California Gov. Arnold Schwarzenegger signed a bill intended to draw new federal dollars to the state under a match rate enhanced by federal economic stimulus efforts, as well as generate funding for children’s health insurance. But the money isn’t quite in the bag because the bill’s backers were forced to gut provisions from the bill in order to get it through the state’s politically rancorous General Assembly.
Schwarzenegger signs measure to attract bigger federal match
The legislation levies a temporary fee on hospitals, and the bulk of the proceeds would be used to take advantage of a 62% match rate—up from 50%—in effect for California through the end of 2010 under the American Recovery and Reinvestment Act of 2009. About $2.2 billion in new federal funding would be returned to hospitals as supplemental payments by Medi-Cal, the state’s Medicaid program, according to the California Hospital Association, which pushed for the levy. About $320 million raised by the fees would go toward expanding state-funded children’s health insurance, the association said.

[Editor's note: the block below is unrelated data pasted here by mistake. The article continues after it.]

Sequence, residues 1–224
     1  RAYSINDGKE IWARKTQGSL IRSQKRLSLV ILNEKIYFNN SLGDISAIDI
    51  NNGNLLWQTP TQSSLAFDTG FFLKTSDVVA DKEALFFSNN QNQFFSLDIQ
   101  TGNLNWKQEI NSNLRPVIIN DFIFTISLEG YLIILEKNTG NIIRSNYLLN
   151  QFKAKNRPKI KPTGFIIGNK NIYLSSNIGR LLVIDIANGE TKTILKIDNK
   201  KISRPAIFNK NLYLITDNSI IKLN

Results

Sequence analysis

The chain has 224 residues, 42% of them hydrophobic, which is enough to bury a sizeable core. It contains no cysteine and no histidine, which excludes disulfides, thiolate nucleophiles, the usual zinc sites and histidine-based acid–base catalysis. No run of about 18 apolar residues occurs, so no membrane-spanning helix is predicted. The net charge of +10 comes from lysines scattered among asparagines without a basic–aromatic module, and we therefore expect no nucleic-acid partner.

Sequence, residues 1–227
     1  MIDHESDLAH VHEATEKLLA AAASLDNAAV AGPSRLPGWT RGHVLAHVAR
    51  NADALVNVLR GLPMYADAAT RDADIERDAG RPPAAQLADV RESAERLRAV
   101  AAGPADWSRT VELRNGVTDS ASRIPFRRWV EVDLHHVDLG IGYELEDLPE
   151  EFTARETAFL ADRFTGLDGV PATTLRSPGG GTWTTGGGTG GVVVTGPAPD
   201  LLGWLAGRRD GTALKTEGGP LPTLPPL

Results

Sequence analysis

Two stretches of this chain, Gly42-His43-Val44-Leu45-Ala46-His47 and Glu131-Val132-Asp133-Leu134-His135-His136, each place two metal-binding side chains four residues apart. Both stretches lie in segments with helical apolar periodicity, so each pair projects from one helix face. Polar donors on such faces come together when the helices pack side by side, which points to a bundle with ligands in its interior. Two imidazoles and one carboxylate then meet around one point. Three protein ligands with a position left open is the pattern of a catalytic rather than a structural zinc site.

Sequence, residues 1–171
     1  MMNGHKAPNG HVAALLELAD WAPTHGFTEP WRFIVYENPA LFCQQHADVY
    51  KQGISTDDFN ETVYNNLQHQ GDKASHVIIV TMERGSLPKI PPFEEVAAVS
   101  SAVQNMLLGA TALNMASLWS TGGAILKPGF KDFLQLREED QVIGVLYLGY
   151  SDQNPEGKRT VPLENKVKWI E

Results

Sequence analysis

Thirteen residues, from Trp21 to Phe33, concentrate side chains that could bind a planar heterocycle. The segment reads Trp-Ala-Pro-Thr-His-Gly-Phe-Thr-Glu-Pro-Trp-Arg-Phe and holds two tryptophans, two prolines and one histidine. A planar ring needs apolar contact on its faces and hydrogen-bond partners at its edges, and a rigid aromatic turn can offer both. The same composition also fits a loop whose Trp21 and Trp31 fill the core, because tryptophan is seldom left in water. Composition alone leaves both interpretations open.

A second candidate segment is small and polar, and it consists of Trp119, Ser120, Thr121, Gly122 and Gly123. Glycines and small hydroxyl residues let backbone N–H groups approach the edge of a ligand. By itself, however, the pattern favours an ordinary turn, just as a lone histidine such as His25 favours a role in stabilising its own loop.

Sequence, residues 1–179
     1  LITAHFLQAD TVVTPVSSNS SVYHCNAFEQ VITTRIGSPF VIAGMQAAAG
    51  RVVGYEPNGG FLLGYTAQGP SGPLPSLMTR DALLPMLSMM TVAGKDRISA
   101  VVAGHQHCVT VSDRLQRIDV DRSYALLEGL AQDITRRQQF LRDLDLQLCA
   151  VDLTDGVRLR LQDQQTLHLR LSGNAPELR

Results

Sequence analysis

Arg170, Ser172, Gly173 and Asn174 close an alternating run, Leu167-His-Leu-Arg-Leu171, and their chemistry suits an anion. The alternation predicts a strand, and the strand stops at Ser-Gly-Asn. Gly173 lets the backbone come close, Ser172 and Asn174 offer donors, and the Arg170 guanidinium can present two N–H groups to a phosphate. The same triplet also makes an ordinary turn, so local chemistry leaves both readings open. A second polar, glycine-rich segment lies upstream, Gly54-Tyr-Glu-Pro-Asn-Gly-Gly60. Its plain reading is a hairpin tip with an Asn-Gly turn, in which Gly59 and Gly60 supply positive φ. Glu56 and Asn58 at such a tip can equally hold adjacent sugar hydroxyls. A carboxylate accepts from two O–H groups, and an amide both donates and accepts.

State officials must seek federal approval for the program, and those efforts will be hampered by compromises made in order to allow lawmakers to pass the bill with a simple majority. A clause that would have made the bill effective immediately was stripped, as were the funds appropriated for implementation and the authority to disperse any of the money raised.
Schwarzenegger noted in a signing statement that the bill requires subsequent action from the Legislature. Anne McLeod, the hospital association’s vice president for finance policy, said the governor’s signature was an encouraging step. “We think we can see this through,” McLeod said.
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